In 1907, athletic hero Jim Thorpe entered the Carlisle Indian Industrial School and soon joined the football team. He led the team to startling upset victories over powerhouses Harvard, Army, and the University of Pennsylvania in 1911–12, bringing nationwide attention to the school and he later became an Olympic medalist. The school was located at Carlisle Barracks and sadly (at that time) was an experiment in educating Native Americans by teaching them to reject tribal culture and to adapt to white society. The school was closed down but is now one of the sources of the town’s pride. The old Carlisle Barracks has been repurposed into the home of The U.S. Army Heritage and Education Center. Their website proclaims they “tell the Army story… one soldier at a time” by engaging, inspiring, and informing everyone with a unique and enduring source of knowledge and thought. They have huge collections of books in honor of Soldiers and a massive collection of artifacts from, and photographs of, the American Soldiers (from the mid-eighteenth century on). They sponsor many lectures and host ‘Army Heritage Days’ that include demonstrations, reenactments and meet-and-greet opportunities. They also have a mile-long Heritage Trail which even includes an army obstacle course!  

These days, Carlisle has become quite a center for the arts, education, entertainment, and outdoor recreation. In fact, Carlisle is situated near a busy “out and back” point along the Appalachian Trail. This incredible 2,200 mile hiking trail stretches all the way from the state of Maine down to Georgia. The trail area around Carlisle is surrounded by beautiful, accessible hiking terrain that features a great forest setting and is rated as moderate. 

Carlisle is also putting itself on the map as a go-to food destination with some great microbreweries and flavorful independent restaurants like the Molly Pitcher Brewing Company, 1794 the Whiskey Rebellion, Redds Smokehouse, Middlesex Diner, Hamilton Restaurant, Napoli Pizza & Walnut Bottom Diner. So at every turn, the quaint, historic town of Carlisle invites visitors in for a closer look.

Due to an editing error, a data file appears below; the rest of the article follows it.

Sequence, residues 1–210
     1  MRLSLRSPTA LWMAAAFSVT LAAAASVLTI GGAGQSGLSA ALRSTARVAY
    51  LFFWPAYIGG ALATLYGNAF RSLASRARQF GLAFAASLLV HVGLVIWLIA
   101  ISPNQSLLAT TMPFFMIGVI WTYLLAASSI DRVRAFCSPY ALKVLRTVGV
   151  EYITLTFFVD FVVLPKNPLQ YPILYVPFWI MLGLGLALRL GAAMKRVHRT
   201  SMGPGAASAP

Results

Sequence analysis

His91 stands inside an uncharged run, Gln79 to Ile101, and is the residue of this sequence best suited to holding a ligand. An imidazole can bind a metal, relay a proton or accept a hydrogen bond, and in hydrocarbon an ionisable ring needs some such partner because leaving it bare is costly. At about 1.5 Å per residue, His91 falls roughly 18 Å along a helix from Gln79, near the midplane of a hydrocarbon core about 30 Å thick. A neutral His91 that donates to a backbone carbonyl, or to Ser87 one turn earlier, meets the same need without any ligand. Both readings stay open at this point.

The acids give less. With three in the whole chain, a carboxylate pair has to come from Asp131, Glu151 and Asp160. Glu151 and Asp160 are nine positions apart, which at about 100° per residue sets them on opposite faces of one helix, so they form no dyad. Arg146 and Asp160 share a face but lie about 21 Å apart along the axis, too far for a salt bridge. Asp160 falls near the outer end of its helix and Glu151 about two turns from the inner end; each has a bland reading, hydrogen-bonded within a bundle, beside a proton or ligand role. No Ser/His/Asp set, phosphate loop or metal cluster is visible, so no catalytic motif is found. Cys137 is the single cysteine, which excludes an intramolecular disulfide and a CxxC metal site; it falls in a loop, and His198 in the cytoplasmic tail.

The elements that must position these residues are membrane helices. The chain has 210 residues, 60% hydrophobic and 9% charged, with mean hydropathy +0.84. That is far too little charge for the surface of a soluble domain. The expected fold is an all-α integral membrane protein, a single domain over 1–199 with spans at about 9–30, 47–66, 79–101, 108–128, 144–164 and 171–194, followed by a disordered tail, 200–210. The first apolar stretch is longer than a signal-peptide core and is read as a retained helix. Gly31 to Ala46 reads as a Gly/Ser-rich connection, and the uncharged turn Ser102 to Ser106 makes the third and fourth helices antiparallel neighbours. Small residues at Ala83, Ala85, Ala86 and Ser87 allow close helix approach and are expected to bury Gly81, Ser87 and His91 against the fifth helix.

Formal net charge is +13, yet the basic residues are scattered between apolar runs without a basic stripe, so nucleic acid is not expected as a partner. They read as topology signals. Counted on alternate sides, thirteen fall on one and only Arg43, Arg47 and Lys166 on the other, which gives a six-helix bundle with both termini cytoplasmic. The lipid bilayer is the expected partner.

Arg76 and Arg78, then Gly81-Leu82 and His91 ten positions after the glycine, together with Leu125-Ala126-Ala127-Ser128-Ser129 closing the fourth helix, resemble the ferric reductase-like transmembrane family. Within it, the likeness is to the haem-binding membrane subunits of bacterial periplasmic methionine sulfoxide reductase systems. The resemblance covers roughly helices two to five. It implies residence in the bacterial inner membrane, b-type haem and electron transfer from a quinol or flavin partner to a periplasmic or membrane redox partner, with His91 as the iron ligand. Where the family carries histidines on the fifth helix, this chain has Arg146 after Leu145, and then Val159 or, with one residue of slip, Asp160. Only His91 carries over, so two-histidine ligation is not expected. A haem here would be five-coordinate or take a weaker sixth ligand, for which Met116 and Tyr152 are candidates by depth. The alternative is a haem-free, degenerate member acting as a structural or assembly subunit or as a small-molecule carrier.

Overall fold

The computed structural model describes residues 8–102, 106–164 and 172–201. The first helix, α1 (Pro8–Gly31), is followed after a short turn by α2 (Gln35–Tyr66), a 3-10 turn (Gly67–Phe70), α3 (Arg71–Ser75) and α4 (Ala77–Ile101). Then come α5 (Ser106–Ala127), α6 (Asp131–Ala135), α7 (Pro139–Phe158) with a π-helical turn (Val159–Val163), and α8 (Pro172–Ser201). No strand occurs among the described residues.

As you ride into the heart of downtown Carlisle, you will enjoy the tree-lined streets occupied by stately architecture, quaint shops, hidden alleys, and many old homes. Upon first glance, you might think the atmosphere reminds you of a beautiful aging lady… one who is mature and put together, but upon closer inspection, you feel she is just bursting with stories of her vibrant past. You will see that the streets are lined with beautiful brick townhomes, arched doorways and private gardens. If you are able to stroll through the area, you will find the layout of downtown Carlisle is very much the same as the original plan of the town from the 1750’s. It certainly allows the rich and varied history to be easily visualized as it invites you to walk the same paths as the early inhabitants. 

Despite this expansive heritage and multiple attractions, the city is most famous for being Pennsylvania’s “automotive capital,” as it boasted (pre-pandemic) ten annual car, truck, and motorcycle shows that are attended by a half a million people each year! 

Anyways, as you can see by the contents of this article, you have to agree that this just may be one great summer ride. You will need to make it a 2 (maybe 4?…) day trip. So if you’re a history buff, and a true motorcycle rider, this is a trip for you!   Please remember to stay alert and Drive safe this winter, but if for some reason you or someone you know has a vehicle accident, it is extremely important to hire an experienced personal injury attorney as soon as possible following the accident. The Kantor Law Firm is known for aggressive and effective representation with respect and integrity. We are lawyers that ride and know motorcycle vehicle law.  More information call (716) 626-0404 or Toll Free 1-877-SKANTOR

Related Posts